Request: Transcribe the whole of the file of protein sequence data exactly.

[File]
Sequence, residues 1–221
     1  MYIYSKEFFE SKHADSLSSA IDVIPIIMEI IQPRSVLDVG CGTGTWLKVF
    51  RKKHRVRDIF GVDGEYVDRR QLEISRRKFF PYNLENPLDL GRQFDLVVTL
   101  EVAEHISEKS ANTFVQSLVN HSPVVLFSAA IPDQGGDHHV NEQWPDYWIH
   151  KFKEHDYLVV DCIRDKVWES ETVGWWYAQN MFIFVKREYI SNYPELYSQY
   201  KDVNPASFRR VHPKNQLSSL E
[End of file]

Sequence, residues 1–221
     1  MYIYSKEFFE SKHADSLSSA IDVIPIIMEI IQPRSVLDVG CGTGTWLKVF
    51  RKKHRVRDIF GVDGEYVDRR QLEISRRKFF PYNLENPLDL GRQFDLVVTL
   101  EVAEHISEKS ANTFVQSLVN HSPVVLFSAA IPDQGGDHHV NEQWPDYWIH
   151  KFKEHDYLVV DCIRDKVWES ETVGWWYAQN MFIFVKREYI SNYPELYSQY
   201  KDVNPASFRR VHPKNQLSSL E